Prep your car for winter.
While winterizing your car may not be on the top of your priority list, it definitely should be. The last place you want to be is stranded by the side of the road in one of Colorado’s notorious blizzards.
Here are some things you should get done to your car before the temperatures start to fall:
Even if your car comes equipped with all wheel drive, an anti-lock braking system, and traction control, snow tires are still a smart investment. Snow tires differ from the standard all-season tires because they have tiny grooves within the tread that create a much more secure grip on icy or snow-covered roadways.
Windshield Wipers and Fluid
You rely on your windshield wipers when driving in snow to keep your windshield clear. What you rely on even more is your windshield wiper fluid. So, before winter arrives, make sure your windshield wiper blades are in tip-top shape and your fluid is full. If your wipers don’t do a great job of cleaning your windshield, but you don’t think you need new ones either, try giving them a thorough wipe down. In fact, all year round, wiping down your blades every time you refill your windshield wiper fluid is a good habit to get into.
Even when it’s not currently snowing, but snowed the day before, we have all experienced the mess that comes with cars in front of us kicking up snow and slush. So be sure not to forget about your wipers!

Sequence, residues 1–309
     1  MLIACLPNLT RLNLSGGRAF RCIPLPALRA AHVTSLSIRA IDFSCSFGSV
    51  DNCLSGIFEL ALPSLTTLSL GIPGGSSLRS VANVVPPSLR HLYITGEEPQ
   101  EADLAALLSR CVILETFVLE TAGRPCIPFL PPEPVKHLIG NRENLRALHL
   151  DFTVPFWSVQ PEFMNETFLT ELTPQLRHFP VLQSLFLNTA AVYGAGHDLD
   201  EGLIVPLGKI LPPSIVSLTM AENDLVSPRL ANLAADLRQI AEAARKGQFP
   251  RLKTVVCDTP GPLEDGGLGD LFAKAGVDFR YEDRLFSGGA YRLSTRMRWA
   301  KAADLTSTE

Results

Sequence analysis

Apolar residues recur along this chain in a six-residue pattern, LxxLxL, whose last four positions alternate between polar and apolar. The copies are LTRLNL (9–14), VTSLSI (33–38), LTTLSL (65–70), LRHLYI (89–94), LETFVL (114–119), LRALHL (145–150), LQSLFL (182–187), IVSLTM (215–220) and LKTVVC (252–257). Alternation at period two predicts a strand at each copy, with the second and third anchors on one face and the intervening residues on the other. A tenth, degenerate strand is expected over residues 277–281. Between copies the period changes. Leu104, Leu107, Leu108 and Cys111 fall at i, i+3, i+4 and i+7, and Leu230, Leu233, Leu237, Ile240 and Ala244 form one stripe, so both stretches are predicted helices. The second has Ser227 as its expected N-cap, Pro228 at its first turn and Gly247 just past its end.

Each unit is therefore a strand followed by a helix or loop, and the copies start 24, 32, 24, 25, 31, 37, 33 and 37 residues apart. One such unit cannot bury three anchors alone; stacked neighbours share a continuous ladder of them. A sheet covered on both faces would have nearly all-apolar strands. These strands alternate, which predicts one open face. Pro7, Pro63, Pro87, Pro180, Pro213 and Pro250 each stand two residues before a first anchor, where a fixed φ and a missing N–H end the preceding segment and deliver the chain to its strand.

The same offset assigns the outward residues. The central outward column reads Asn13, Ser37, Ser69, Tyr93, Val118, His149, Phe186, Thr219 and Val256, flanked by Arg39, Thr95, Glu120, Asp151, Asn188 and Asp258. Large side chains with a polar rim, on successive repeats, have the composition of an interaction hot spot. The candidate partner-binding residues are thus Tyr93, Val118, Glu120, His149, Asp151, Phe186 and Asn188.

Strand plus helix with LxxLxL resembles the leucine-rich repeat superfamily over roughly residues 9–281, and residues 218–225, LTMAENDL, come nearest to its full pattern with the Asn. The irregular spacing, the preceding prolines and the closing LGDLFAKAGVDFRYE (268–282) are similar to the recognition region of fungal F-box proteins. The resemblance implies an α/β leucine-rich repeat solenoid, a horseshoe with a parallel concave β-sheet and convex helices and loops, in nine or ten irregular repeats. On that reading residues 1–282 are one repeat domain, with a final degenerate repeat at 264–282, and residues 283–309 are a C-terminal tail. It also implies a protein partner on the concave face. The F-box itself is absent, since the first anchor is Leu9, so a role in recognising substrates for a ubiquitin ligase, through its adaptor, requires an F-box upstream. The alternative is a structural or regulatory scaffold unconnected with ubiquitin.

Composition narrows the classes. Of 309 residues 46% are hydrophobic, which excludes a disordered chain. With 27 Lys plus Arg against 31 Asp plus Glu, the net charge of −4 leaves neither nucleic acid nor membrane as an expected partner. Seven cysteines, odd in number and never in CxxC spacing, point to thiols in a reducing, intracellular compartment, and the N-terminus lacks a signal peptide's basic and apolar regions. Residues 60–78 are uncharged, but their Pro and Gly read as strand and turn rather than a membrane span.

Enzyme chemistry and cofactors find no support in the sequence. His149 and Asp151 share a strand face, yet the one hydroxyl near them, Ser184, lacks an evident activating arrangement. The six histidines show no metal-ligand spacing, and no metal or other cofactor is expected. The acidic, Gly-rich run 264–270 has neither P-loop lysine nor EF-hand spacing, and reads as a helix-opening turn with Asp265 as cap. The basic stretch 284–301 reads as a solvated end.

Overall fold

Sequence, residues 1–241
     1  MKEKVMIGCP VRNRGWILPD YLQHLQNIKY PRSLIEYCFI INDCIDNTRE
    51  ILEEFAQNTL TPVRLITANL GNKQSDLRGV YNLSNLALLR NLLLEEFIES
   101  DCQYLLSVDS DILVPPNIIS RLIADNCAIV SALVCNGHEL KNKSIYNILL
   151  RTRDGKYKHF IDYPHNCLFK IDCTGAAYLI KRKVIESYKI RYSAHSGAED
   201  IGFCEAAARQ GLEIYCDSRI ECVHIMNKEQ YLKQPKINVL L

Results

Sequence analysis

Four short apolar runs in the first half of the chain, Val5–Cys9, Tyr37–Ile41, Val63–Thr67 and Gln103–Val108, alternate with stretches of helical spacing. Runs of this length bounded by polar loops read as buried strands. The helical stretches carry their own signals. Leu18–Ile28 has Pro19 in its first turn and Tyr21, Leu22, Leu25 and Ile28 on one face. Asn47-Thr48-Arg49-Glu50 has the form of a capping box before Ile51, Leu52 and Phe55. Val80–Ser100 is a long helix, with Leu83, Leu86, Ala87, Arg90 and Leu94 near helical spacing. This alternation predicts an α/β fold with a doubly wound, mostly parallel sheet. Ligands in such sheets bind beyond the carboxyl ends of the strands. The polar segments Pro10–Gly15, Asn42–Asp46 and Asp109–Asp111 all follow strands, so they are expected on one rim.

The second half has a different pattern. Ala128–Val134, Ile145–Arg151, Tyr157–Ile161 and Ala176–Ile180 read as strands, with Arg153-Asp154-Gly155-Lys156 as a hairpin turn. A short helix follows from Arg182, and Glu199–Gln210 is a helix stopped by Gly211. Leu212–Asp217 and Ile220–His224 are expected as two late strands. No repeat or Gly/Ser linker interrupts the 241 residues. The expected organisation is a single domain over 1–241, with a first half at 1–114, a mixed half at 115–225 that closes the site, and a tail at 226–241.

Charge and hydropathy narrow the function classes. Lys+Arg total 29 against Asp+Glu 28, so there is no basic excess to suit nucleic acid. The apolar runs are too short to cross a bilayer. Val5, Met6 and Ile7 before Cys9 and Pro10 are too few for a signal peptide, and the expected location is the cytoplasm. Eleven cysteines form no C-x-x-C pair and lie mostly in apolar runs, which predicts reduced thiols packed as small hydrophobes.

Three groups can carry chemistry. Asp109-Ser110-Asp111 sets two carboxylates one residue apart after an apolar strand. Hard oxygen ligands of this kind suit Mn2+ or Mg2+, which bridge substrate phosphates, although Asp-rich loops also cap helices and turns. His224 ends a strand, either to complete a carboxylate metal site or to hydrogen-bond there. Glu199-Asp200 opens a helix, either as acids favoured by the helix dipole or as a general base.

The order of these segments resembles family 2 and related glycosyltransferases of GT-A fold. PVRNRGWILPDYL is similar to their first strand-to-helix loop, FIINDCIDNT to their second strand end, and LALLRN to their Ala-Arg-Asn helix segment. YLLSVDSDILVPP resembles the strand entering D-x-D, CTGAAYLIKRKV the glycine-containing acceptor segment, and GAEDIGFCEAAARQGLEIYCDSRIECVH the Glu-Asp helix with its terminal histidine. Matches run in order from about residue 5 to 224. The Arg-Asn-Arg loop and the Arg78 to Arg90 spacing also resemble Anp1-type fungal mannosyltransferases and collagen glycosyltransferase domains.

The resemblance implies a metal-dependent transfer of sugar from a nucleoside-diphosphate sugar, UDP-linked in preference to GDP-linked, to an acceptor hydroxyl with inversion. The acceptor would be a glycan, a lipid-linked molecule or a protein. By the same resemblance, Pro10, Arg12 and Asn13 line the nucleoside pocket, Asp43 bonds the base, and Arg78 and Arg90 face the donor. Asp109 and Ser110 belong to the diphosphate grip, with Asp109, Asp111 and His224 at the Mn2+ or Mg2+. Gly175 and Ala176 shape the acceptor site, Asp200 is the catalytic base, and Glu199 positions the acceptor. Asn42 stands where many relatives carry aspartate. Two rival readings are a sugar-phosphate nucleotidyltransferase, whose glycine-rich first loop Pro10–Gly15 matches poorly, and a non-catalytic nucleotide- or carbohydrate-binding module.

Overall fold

When it comes to wiper fluid, make sure you get a bottle of de-icer fluid. This fluid is made for wintery conditions and will prevent your windshield from icing up.
Your battery is another part of your car you definitely want to check. If you’re headed out in wintery conditions, you want to make sure your car has the electric power it’ll need to get you there. Most batteries last about 4-6 years. So, if you’re within that range, you might even consider getting a new one. While you’re driving your car, your battery supplies the electricity, but your battery is also being recharged at the same time by your alternator. Once your battery is no longer able to retain a charge, it’s a dead battery. Don’t wait until it’s 30 degrees outside to find out your battery is dead. Get it checked ahead of time.
In addition to making sure you have the right tires on your vehicle, you want to check your tire pressure as well. Don’t panic if you go into your garage one morning on your way to work and see that your tire pressure light is on, though. The colder temperatures in the winter make the air in your tires compress, so that signals to the car that your pressure is low. Once you drive for a few miles, however, the air will warm up and the tire pressure light will go off. This is also another reason, however, to not rely on your car’s machinery to tell you when your tire pressure is low. Give your tires a quick check about one a month (preferably not first thing in the morning for the same reason as stated above) to ensure that your tires are properly inflated.
Winter doesn’t just mean Halloween, Thanksgiving, Christmas, and snowball fights. It’s also means having to brave winter conditions in your vehicle. So, just as you make sure you’re all bundled up in your winter gear before heading outside, make sure your vehicle has everything it needs to face the cold, too.
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